"The secret of staying young is to live honestly, eat slowly, and lie about your age."
- Lucille Ball
It happens every year. My birthday comes around and I start thinking about past birthdays: My first party at age 8, engagement ring at 21, beach party in Turkey 15-20 years ago, and many loving, family gatherings - including this year - in between.
Then there was the year I became vividly aware of how many birthdays I'd already had - and perhaps of my equally advancing paranoia. Here's what happened.
I had just begun my morning walk when a group of middle-schoolers waiting for their bus snickered as I huffed by. Was it my rundown Reebocks, my mismatched socks and top, my far-from-middle-school-girlish figure? Whatever the reason for their amusement, my mood started to sag just like the rest of the stuff gravity has been coaxing downward for years. I managed to shuffle home, change into something a little more fashionable and head to the grocery store.
"Do you get the senior discount?" asked the cashier.
Never had, but by now I felt more than entitled to the 54 cents off. I thought about using my fistful of change to have someone carry my groceries to the car, but the only "bag boys" on duty that morning looked more qualified for the senior discount than I did. Not wanting one of them to collapse on the pavement and break an egg or leg, I struggled to the car alone, drove home slowly, and lay down for a long nap.
Reading shouldn't take much energy, I told myself upon waking, and scanned the bookcase for something to comfort the aging.
Ah, just the thing: Passages: Predictable Crises Of Adult Life, a popular, best-seller by Gail Sheehy. I curled up with my shawl and slippers and began to read:
"I have reached some sort of meridian in my life... a back side of the mountain, and I have only so much time before dark."
Nice description of the "latter years," right? I checked to see which "passage" Sheehy was describing and read: "Deadline Decade - Mid-Thirties."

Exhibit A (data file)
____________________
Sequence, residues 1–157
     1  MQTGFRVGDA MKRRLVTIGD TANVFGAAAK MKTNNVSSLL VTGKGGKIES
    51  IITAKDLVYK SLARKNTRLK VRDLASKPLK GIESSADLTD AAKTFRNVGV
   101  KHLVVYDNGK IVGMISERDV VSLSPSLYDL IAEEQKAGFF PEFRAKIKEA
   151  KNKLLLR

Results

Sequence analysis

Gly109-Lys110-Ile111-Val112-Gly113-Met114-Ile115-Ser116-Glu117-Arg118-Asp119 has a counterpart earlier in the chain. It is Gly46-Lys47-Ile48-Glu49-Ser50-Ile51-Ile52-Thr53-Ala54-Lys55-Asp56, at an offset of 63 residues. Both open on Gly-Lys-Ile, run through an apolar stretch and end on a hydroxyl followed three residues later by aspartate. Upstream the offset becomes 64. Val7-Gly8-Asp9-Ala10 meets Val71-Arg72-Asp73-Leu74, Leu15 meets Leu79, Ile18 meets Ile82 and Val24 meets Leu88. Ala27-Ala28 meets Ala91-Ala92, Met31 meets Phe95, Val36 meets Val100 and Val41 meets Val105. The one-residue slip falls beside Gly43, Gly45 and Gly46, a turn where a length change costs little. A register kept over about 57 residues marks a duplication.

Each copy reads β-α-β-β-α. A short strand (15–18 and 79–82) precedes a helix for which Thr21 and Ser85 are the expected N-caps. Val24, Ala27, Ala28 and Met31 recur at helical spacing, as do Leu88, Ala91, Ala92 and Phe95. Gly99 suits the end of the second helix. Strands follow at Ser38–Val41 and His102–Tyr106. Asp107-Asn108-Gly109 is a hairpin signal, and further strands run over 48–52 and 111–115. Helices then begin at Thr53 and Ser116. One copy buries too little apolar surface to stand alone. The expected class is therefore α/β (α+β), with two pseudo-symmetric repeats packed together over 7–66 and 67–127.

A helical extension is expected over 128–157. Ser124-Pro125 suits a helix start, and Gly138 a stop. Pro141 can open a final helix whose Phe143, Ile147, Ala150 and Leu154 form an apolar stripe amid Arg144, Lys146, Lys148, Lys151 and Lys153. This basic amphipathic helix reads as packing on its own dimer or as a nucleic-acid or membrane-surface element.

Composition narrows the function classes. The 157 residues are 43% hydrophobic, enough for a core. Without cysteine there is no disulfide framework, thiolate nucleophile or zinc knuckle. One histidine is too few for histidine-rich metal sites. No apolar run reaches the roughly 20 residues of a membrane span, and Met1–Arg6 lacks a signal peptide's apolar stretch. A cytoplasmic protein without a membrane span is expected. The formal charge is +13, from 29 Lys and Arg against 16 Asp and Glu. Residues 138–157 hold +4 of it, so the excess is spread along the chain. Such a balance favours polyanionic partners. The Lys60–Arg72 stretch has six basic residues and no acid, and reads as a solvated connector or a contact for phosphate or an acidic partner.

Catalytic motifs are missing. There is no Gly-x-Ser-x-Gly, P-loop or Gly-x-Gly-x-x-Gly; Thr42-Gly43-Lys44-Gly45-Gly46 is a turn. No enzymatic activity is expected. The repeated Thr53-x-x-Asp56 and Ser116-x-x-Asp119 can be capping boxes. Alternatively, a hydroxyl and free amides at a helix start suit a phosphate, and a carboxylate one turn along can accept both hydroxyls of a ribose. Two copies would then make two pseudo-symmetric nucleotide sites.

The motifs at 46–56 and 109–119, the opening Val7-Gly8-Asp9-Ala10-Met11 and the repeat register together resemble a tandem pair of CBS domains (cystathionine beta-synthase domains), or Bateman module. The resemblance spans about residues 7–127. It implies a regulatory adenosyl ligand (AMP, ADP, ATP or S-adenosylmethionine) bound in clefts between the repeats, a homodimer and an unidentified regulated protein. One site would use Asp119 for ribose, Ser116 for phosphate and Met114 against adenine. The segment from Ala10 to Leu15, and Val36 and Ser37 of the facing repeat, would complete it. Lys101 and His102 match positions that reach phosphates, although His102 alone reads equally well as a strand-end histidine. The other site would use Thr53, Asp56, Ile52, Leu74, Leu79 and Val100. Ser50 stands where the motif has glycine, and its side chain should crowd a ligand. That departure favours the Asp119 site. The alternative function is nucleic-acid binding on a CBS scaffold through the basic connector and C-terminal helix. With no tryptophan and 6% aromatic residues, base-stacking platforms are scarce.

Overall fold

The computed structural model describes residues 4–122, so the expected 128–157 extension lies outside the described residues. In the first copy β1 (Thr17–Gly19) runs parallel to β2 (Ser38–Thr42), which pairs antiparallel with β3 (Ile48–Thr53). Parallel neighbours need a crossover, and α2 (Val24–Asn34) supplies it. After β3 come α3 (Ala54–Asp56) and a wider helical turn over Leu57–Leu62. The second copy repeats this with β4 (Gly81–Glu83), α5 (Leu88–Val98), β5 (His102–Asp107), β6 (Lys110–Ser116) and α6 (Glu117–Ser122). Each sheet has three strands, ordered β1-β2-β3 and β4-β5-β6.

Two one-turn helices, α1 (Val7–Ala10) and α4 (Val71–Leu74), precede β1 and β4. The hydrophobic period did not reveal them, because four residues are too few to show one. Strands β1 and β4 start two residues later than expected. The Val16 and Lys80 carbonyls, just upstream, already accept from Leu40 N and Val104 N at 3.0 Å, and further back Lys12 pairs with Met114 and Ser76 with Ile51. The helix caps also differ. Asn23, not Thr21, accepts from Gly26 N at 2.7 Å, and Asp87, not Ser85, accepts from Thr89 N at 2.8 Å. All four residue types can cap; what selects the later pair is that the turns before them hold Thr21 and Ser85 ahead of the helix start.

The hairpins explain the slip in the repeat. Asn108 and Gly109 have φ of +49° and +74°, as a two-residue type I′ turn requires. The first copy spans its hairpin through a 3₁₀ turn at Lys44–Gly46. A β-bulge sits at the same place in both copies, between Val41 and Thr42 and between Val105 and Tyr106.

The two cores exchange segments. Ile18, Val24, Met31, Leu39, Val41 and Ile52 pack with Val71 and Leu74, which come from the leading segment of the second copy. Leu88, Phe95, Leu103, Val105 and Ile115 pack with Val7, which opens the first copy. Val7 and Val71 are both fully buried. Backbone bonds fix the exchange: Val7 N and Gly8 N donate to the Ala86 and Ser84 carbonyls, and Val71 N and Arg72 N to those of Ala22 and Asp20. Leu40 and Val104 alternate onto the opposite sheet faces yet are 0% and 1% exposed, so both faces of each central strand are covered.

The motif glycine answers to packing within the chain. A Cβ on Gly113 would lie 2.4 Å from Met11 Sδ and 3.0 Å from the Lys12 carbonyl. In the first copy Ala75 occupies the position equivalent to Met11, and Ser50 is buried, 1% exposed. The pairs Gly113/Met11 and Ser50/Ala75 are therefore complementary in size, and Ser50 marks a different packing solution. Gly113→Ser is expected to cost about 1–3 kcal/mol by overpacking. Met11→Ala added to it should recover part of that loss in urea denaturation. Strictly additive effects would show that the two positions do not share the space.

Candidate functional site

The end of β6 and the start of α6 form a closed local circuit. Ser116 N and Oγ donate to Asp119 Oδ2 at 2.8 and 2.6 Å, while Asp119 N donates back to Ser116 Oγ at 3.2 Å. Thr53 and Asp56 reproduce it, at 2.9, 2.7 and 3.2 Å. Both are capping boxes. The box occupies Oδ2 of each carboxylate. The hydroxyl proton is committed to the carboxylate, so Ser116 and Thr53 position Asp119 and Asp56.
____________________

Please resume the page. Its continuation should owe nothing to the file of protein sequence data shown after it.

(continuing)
Yipes! If 35 is the meridian of life, then I was almost off the scale. Now I was really depressed.
Fortunately, some of the books on my shelves were written by over-the-hillers like me. Bartlett's Familiar Quotations should have a section on aging, I thought. If not comforted, at least I'd be inspired or amused.
- A nice soliloquy from Walt Whitman: "So here I sit in the early candlelight of old age, I and my book casting backward glances over our travel'd road."
- A quip from Lord Byron: "A lady of a certain age means certainly aged."
- Something for the musician in me by Thomas Lehrer: "It is a sobering thought that when Mozart was my age, he had been dead for two years."
- And the writer, from George Herbert: "And now in age I bud again, I once more smell the dew and rain... I live and write."
Finally it hit me. At my candle-lit, "certain age," I can walk, carry my own groceries and use my still functioning brain to read, make music and put words on page or screen for someone else to read. Hang the middle-school perception of life! Decline the senior citizen discount! Forswear anyone's age meridian but my own!
The 20th-century poet James Ball Naylor, who lived and wrote until he was 85, charmed me with this final entry from Bartlett's:
"King David and King Solomon led merry, merry lives
With many, many lady friends and many, many wives:
But when old age crept over them, with many, many qualms,
King Solomon wrote the Proverbs, and King David wrote the Psalms."
(Barbara Seaborn is a local freelance writer. E-mail comments to firstname.lastname@example.org.)
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